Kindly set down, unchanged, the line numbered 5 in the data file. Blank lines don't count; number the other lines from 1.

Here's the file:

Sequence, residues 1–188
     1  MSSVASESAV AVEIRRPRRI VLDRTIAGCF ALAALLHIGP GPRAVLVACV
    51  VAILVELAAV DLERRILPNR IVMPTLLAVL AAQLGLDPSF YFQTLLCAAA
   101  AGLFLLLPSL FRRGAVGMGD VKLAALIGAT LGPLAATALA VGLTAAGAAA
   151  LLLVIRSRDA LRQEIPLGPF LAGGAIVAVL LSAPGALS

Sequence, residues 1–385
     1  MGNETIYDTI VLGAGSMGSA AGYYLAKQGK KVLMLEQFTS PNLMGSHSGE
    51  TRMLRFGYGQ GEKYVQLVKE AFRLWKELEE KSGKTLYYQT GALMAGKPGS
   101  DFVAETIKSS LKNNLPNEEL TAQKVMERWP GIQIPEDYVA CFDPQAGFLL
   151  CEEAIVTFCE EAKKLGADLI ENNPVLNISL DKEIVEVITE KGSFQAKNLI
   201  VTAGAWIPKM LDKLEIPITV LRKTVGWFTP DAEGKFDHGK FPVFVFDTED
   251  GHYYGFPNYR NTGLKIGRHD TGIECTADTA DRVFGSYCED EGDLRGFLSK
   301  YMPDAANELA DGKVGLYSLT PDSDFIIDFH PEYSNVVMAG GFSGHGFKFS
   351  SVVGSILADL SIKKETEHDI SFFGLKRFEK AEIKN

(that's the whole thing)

   151  LLLVIRSRDA LRQEIPLGPF LAGGAIVAVL LSAPGALS